South Carolina Green Party Case Argued in 4th Circuit

On May 11, the 4th circuit heard oral arguments in South Carolina Green Party v South Carolina Election Commission, 09-1915. The issue is whether the Green Party’s convention nomination of a legislative candidate, early in the election year, can be voided if that candidate then tries and fails to get another party’s nomination. The three judges were Barbara Keenan, an Obama appointee; Sam Wilson, a visiting U.S. District Court judge from Virginia and a Bush Sr. appointee; and Clyde Hamilton, another Bush Sr. appointee. Perhaps someone who attended the hearing may help us out and describe how the hearing went, via the comments section.


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South Carolina Green Party Case Argued in 4th Circuit — No Comments

  1. Pingback: SC Green Party Ballot Access Case before the Federal Court of Appeals « South Carolina Green Party

  2. I think you are misrepresenting the sequence of events.

    Eugene Platt filed his declaration of candidacy with the Democratic Party. That party, as required, then forwarded the candidacy on to the state election officials so that they could conduct the primary which Platt lost.

    Sometime after he began his quest for the Democratic nomination he sought the Green Party nomination, apparently without having filed a timely declaration of candidacy with that party.

  3. B.A.N. isn’t misrepresenting the sequence of events, but thanks for bringing the declaration of candidacy issue, Jim.
    Only one declaration of candidacy need be filed with the South Carolina State Election Commission. A court recently agreed with the United Citizens Party that the SCSEC cannot change the state rules to require separate declarations of candidacy for persons seeking fusion nominations with more than one party. Single declarations had been the past practice and will continue to be. I’ll see if I can find a copy of the decision.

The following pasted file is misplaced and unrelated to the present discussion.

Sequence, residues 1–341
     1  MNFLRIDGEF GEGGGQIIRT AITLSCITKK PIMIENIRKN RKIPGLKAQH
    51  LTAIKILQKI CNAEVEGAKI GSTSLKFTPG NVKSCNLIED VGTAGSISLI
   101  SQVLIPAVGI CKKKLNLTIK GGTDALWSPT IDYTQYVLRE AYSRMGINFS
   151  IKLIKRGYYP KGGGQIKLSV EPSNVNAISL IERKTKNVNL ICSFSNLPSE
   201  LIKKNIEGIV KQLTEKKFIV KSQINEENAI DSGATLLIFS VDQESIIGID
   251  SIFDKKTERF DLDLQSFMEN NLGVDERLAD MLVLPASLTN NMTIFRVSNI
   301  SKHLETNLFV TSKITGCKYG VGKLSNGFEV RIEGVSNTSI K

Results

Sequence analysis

4. #3 When did Eugene Platt file his declaration of candidacy with the Democratic Party in 2008?

    When did Eugene Platt file his declaration of candidacy with the Green Party in 2008?

    When did Eugene Platt file his declaration of candidacy with the Working Families Party in 2008?

    The decision of the federal court was braindead. It makes absolutely no sense to interpret the underlying state law as not requiring separate declaration of candidacy for each party.

    If a candidate seeks the nomination of both Party A and Party B, but only files with Party A, how does Party B know that he seeks its nomination? If Party B nominates by primary, how does Party B know to inform South Carolina, so that South Carolina may place his name on the primary ballot?

    The State should have filed for preclearance when it started to ignore the law. That was when the change when the change of procedure was made.

    Anyway, H 3067 will fix everything.

  5. Eugene Platt filed his declaration of candidacy with the Democratic Party on March 17; with the Working Family Parties on March 27. The deadline was March 30.

    His declaration with the Green Party was on May 3, when he was also nominated. He was nominated by the Working Families on May 10; and he was defeated for the Democratic nomination on June 6.

    He began his try to become the nominee of the Democratic Party almost a month and a half before he made any state-recognized steps to become the Green Party nominee.

    Parties in South Carolina are free to choose their method of nomination. The Green Party might nominate by primary, and the Democrats by convention. That is why it makes no sense whatsoever not to require a candidate to file separately for each party.

  6. Wrong. You file once, then seek different party nominations. That’s the law and by far the easiest thing for office seekers.

  7. #7 Perhaps the Green Party lawyers messed up then. See the 11/18/2008 amended complaint.

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